UW Health argues that in not pursuing the issue legally at the time, SEIU was effectively admitting that employees were no longer covered by the Peace Act. The hospital system’s lawyers suggest that the union only changed its interpretation after “a recent change in the political winds brought a fresh take from a new Attorney General.”

The union’s lawyers counter that while the bargaining rights of UWHCA employees were “unclear” and that the union “chose not to fight” in 2014, SEIU did not decertify as the nurses’ union. The brief states that the union is already the certified representative for the nurses and could begin bargaining immediately “upon declaration that the Peace Act governs these parties.”

The union’s final brief also takes note of UW Health’s acquisition in 2015 and its absorption of a private hospital system in Rockford, Ill. The result makes UW Health “virtually indistinguishable from any private sector health care provider” in Wisconsin, and “it should not be treated differently,” the brief states.

While there’s not a hard deadline for WERC to issue a decision, a commission official said Monday that it was expected to be concluded by the end of October, with formal publication in November.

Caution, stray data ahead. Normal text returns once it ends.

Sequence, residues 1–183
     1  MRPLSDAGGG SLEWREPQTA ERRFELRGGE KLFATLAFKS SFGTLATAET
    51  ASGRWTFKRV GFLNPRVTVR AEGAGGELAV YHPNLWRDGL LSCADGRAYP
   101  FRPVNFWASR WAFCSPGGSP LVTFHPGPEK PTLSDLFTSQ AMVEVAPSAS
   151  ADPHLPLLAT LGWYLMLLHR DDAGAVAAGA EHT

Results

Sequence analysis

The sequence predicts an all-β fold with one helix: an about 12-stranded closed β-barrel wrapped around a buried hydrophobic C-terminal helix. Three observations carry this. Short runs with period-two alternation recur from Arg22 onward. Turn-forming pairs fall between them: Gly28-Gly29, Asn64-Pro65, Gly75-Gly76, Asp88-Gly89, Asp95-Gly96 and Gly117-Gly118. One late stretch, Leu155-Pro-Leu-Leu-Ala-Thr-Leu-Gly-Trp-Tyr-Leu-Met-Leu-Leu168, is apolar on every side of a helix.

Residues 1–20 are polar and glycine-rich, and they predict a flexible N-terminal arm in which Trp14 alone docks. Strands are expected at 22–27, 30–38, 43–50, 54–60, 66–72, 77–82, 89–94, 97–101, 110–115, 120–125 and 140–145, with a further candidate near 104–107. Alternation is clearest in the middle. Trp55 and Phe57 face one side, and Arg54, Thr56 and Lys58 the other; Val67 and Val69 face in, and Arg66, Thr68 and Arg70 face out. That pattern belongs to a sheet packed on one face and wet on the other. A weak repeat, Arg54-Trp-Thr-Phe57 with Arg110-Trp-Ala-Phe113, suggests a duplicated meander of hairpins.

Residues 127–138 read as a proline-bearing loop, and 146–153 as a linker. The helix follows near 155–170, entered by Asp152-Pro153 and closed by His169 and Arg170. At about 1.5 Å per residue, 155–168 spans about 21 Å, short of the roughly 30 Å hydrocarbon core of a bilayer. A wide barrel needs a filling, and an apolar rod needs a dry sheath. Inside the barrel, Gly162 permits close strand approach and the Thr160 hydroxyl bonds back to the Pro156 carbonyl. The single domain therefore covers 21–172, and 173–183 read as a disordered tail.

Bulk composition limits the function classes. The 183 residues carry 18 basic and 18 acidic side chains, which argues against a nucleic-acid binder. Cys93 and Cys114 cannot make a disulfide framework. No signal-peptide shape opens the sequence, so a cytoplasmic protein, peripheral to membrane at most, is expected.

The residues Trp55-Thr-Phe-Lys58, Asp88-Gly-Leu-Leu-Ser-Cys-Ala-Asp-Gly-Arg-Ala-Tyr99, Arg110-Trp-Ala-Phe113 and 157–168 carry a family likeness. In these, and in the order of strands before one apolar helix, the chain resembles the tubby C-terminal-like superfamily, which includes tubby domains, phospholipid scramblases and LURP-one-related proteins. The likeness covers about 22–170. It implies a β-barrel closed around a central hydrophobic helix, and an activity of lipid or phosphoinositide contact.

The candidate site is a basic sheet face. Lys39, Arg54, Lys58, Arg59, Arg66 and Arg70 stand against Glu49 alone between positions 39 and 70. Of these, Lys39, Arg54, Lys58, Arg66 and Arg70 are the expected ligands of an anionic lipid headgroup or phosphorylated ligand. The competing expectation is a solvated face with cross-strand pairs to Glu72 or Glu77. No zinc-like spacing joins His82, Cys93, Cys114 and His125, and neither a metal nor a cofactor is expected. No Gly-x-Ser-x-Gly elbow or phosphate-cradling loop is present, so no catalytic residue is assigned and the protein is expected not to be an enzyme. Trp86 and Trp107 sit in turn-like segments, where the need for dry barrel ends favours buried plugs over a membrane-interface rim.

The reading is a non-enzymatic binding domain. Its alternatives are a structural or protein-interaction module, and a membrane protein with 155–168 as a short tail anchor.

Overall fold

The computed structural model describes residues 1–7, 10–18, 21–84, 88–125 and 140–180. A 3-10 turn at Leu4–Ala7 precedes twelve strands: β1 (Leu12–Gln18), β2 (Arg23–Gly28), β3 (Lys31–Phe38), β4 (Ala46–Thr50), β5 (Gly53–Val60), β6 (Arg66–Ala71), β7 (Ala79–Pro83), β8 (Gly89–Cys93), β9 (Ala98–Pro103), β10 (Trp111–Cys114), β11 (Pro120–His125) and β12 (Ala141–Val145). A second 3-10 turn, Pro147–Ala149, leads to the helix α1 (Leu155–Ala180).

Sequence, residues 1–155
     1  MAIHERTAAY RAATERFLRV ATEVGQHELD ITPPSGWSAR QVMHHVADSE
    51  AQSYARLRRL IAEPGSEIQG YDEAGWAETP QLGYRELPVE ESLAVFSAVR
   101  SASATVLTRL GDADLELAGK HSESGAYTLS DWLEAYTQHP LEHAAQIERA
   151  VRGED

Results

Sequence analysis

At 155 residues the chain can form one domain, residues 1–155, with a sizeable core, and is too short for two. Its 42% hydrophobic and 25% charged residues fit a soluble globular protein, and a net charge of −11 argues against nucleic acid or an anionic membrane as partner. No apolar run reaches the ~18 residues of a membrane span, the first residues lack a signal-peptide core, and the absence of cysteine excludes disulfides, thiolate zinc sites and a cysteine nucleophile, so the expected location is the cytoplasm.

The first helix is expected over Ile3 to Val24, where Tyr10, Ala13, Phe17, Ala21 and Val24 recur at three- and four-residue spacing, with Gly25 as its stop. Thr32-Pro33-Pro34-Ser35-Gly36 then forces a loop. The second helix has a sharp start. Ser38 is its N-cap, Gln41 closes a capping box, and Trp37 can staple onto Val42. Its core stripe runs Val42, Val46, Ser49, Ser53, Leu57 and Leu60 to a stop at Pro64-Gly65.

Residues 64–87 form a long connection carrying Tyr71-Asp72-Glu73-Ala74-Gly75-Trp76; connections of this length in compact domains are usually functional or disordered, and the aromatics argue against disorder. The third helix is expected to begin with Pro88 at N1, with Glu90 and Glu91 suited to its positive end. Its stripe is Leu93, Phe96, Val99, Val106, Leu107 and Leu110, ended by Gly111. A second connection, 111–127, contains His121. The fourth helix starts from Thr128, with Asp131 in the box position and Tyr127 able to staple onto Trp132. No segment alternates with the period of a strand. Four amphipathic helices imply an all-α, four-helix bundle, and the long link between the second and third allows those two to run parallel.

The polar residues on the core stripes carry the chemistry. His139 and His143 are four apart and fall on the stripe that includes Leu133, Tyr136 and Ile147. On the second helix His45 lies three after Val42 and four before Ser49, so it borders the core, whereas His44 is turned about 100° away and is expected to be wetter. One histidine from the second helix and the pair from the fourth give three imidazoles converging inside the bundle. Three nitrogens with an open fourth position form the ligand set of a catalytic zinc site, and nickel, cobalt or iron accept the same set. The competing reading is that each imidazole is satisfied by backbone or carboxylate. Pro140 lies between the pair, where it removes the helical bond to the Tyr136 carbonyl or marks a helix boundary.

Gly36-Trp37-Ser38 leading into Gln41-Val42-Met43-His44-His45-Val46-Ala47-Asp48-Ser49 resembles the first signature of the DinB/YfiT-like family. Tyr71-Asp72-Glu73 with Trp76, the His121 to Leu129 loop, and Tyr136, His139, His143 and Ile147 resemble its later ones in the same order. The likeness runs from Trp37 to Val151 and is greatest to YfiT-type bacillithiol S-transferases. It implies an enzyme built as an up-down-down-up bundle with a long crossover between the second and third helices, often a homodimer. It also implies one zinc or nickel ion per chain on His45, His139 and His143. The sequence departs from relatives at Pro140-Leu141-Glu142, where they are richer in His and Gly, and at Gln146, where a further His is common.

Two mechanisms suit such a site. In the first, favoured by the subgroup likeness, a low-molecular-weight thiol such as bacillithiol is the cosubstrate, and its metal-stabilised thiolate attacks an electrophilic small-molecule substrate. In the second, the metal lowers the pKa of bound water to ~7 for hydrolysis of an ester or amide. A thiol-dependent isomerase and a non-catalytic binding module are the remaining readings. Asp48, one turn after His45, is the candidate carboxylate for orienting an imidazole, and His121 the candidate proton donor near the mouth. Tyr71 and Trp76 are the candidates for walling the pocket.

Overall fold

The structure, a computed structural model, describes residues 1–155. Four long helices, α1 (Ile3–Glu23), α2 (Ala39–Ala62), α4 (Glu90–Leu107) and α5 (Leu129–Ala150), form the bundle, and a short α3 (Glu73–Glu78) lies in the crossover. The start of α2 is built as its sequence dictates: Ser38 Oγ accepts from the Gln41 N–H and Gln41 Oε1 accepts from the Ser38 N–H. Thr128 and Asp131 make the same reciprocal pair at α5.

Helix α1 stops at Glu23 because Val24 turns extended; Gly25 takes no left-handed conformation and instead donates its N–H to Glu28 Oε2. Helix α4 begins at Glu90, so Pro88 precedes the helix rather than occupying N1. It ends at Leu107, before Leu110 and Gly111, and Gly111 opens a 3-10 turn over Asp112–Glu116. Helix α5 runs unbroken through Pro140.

Regardless of the outcome, an appeal appears almost certain. The agreement between UW Health and SEIU to seek the WERC ruling anticipates that the issue will ultimately wind up before the Wisconsin Supreme Court. It leaves open the possibility that the question will bypass lower courts and go directly to the high court once the employment relations commission issues its finding.


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Erik Gunn
Erik Gunn

Deputy Editor Erik Gunn reports and writes on work and the economy, health policy and related subjects, for the Wisconsin Examiner. He spent 24 years as a freelance writer for Milwaukee Magazine, Isthmus, The Progressive, BNA Inc., and other publications, winning awards for investigative reporting, feature writing, beat coverage, business writing, and commentary.